10. So I've been working on getting the other side of the rail cap off(passenger side), but mostly just for posterity sake, since it had WAY less floor water damage than the drivers side. The floor itself wasn't that bad, but there were some pretty clear rusted out sections, so a little bit of repair ahead. The top where it meets. There seems to be a small gap under the brace that allows water to sit. There were rusted holes on both sides of the truck. I also managed to get my skid plate off finally. And cleaned it up a bit I posted up a topic to see if the rail braces were necessary to put back on, as they are just places for water to sit and cause rust again. I think I'll leave them off for the final build up. I did, however, hit a pretty big snag. I warn, what you're about to see is painful for us Comanche lovers... Here's a hint 8 to 10 pounds of rust. This is your last chance to stop here... So, I always thought that the drivers side was the worse side because of the floor rust, but I was painfully made aware that was not the case. The floor was better off, the rails were far far worse... It's really bad in there, to the point where it's all the way through the top overlap of the frame metal and most of the way through the bottom. I'll let the pictures speak for themselves. I have a lot to consider on possible options to fixing it. There is also a bit up next to the frame splice as well. The metal itself is pretty severely compromised. To the point that it was bent on the bottom of the frame underneath. One good hit would go right through the rail in these spots. The only good thing I can see is that it's pretty much concentrated to the really bad visible spots. Everywhere else on there is fairly solid. I was planning on beefing up the frame anyway, so I guess that's my next step.
  11. drcomanche

    Are the rail braces necessary?

    That's a very informative picture. While my rock rails will definitely change where the brunt of the impact is, they do seem to be useful. I'll see if I can't come up with a better solution than the old rust channels. Maybe just weld solid steel plate on top. Anything's better than what's there.
  12. drcomanche

    Are the rail braces necessary?

    I now have built in 2x6 steel rock rails attached to the frame, so give and take as far as strength goes, I suppose.
  13. As the title implies, I'm wondering if the rail caps on the floor of the truck are a necessary part of its stability. I'm working on replacing my floors right now, and putting the brace back on just leaves more places for water to get stuck in and cause rust again(which is why I'm here in the first place). If they are required, is there a way to make better ones? Or simplify it?
  14. Its had its ups and downs. I'm glad I didn't sell it back when I was broke. Never would have imagined it at this point. I was planning on grinding out the lot of it and get it down to base again, and then hitting it with some POR 15. I'll be doing pretty much the entire frame in it, so why not the inside of this section too. I'll look up that rust bullet and see how it stacks up. Right now, I'm waiting on the floor pans to get in, but I figure, while I have holes in the floor, it gives my easy access to the backside of the skid plate bolts, so it comes full circle.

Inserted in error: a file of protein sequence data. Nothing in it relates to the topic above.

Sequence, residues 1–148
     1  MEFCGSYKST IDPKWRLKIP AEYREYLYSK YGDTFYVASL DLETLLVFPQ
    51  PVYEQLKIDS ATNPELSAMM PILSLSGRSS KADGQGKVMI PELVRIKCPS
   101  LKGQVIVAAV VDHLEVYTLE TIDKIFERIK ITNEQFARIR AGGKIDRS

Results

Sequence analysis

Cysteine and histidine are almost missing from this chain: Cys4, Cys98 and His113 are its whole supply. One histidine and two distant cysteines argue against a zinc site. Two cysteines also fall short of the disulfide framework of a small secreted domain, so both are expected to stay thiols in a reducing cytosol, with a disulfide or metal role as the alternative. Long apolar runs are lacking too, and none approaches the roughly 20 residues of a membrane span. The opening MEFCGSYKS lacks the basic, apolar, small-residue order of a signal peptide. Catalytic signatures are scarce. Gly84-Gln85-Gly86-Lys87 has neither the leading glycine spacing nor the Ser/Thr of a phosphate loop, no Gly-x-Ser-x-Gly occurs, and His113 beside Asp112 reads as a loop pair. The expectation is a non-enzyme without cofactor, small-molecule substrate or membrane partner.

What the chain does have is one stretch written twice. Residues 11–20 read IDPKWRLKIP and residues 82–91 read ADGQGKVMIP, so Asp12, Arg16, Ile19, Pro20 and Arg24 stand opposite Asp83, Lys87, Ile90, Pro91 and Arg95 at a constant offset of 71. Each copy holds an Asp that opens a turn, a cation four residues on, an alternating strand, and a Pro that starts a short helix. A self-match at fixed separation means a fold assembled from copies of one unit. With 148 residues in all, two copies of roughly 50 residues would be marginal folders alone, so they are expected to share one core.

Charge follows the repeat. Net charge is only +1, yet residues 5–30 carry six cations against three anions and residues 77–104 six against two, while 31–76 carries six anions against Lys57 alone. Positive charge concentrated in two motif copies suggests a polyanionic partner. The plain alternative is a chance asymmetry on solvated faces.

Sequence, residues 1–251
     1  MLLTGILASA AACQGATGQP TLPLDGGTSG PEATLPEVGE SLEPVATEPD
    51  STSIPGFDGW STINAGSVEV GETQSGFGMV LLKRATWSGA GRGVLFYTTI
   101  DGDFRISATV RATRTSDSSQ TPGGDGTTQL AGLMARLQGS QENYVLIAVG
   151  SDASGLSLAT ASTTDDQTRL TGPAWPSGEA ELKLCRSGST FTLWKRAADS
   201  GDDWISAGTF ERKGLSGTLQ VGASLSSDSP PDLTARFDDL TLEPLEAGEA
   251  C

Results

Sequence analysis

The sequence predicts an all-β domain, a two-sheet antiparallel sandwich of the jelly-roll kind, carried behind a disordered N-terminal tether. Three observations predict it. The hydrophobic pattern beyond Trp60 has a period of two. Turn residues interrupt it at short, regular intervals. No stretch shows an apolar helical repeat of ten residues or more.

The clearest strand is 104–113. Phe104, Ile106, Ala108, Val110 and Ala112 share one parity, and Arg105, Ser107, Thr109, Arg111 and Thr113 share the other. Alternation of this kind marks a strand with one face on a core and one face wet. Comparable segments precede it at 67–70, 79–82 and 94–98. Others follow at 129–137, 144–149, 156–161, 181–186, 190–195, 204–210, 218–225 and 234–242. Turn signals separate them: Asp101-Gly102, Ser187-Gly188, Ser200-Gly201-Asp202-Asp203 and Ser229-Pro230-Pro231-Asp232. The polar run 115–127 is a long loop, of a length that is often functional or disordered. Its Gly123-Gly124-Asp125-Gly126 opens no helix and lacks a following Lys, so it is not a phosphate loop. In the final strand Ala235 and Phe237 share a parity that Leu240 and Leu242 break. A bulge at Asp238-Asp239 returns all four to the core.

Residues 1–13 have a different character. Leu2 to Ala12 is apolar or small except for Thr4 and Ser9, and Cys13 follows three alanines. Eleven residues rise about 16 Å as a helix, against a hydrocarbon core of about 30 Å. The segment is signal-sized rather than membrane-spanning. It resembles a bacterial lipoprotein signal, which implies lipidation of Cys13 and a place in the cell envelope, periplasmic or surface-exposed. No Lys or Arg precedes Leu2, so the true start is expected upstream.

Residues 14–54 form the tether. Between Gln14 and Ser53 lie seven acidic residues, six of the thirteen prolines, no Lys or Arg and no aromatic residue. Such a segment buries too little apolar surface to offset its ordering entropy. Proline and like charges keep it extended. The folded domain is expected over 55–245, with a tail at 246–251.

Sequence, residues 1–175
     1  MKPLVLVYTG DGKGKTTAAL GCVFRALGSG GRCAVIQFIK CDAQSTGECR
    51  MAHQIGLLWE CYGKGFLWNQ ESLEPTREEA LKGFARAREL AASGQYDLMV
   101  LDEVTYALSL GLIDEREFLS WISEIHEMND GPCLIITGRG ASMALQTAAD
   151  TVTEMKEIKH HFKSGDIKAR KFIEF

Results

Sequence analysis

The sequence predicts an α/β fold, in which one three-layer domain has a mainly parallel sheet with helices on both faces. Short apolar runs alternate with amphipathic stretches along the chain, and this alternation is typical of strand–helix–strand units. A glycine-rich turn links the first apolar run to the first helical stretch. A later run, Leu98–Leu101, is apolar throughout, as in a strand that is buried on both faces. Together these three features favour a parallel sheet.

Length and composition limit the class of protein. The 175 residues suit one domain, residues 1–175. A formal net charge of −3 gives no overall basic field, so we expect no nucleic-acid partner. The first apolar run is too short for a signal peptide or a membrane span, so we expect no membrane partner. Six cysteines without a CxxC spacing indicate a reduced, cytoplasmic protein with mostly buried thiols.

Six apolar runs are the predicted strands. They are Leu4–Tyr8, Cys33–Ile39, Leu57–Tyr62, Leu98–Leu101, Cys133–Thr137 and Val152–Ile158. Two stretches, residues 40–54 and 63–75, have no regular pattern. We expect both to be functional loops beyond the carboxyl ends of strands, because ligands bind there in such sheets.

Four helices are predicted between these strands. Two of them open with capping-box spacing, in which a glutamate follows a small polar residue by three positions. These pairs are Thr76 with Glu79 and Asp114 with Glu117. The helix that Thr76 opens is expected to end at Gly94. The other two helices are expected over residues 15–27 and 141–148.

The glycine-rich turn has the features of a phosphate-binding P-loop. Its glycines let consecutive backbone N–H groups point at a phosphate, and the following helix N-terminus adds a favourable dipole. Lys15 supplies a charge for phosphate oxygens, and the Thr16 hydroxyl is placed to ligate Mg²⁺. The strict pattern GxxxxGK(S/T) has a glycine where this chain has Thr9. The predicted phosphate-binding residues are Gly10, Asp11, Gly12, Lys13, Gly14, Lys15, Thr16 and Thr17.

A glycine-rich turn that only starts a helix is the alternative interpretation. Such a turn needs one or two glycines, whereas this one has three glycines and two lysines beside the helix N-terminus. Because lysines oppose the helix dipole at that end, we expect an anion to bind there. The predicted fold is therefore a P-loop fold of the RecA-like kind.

15. Thanks, I'm trying. Never too late to get another one though. So I've been working on a few things recently. I finally got the truck back so I was able to drive it for a week or so before moving onto my next step. The guys that worked on it welded on some solid 2x8 steel tube for rock rails in the place of my rockers, which were rusted out anyways. Rather than tube to frame, for the most part, they just beefed up the torque boxes to handle the load and plated the entire front end. They ended up taking the slack that would contact the rock rails from the bed and fender, and folded it over instead of completely cutting it off, which made it sturdier and better looking. They also welded in a new door striker on the drivers side to replace the old poorly attached unit and patched a section of the floors that was rusty too. My plan after that was to take the interior out an put down some sound mat and bedline over it for a durable interior again. This is all well and good, but I could see certain small bits of the floor around the rail cap that had small holes and were rusty. So I ended up having to pull up some of the section they had just done to remove the rail cap altogether and see what I was working with. Spoilers: I was working with nothing. The floor in between the rail cap and the frame was just about non existent, which means I have a lot of floor welding to do. The only positive to this is that it gives me a look inside the rails, which aren't too bad but could use some cleaning and proper treatment. During this repair, because there are bolts coming into the frame, I figured I should drop my TnT skid plate and repaint that while also getting a look at the bolts and repairing whatever needed it. This would be simple if the bolts still existed. I didn't even get to use the ratchet before the bolt was suspiciously loose. They were too rusted to save and sheered themselves off at the bottom. So now I have to drill them out, although I'm tempted to take my dremel tool and just cut the rusty tops out of the rail and weld in new ones, since it's all accessible. having the floor cut open also allows me to get the the nuts behind the skid plate too, so this is as good a time as any. I'm also tossing around the idea of taking the transmission off and replacing my clutch since everything else will be gone. In the time I had it running around I took it to a Fourth of July parade and ran it in that, which was fun except for the fact that it's a manual at very slow stop and go speeds and there's no AC, so I was burning to death. Still fun though. I also replaced my exterior window sweeps with late model cherokee ones, which required a bit of modification but give a much better and more durable overall appearance. Was thinking about making a write up for it on here if it hasn't already been done. And the last thing I did was added my stickers to it. I didn't really want to put badges back on it, so I went with stickers instead that compliment the overall black and green theme. And now, pictures. Old seal edge The edge of the new window seal. Still needs a tiny bit of trimming but came out pretty good At the show. Too hot for doors. While I was at it, since I was taking the corner windows out, I replaced the cracked up seal there with ones from an extra set of corner windows I had lying around. The rock rails Stickers A patch they had to do on both sides because the cab corners were pretty rough. I still need to do the body work over them. You can also see how they folded the edge of the bed for the rails. Floorboard hell. Little holes along the rail and a complete hole beneath the torque box. After I pulled the torque box top off. I use those words lightly, since it was mostly prying. The PO had, instead of fixing the problem, just ground the edges of the frame rail and the torque box down and welded them all together. After getting the rail cap off. The rails so far. Not too bad but not exactly good either. Water is still getting into the frame rails from somewhere, but I'm not sure where. The messed up end of the rail cap. I think I can fix it with a few welds and maybe some gussets. The prior welds where someone tried to fix the floors before, but clearly couldn't weld at all.... Just a load of metal all on top, nothing actually binding the pieces. Skid plate bolts, or whats left of them. Anyways, still a lot to do, so I'll try to update every now and then.